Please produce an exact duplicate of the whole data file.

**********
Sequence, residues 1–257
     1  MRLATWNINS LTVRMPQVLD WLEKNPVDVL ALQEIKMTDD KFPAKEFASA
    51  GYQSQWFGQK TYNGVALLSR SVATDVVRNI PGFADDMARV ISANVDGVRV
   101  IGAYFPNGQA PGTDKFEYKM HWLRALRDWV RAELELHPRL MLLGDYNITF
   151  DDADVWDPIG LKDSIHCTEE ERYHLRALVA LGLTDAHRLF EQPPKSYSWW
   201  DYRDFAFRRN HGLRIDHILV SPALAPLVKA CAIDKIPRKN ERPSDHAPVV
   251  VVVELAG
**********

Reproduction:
Sequence, residues 1–257
     1  MRLATWNINS LTVRMPQVLD WLEKNPVDVL ALQEIKMTDD KFPAKEFASA
    51  GYQSQWFGQK TYNGVALLSR SVATDVVRNI PGFADDMARV ISANVDGVRV
   101  IGAYFPNGQA PGTDKFEYKM HWLRALRDWV RAELELHPRL MLLGDYNITF
   151  DDADVWDPIG LKDSIHCTEE ERYHLRALVA LGLTDAHRLF EQPPKSYSWW
   201  DYRDFAFRRN HGLRIDHILV SPALAPLVKA CAIDKIPRKN ERPSDHAPVV
   251  VVVELAG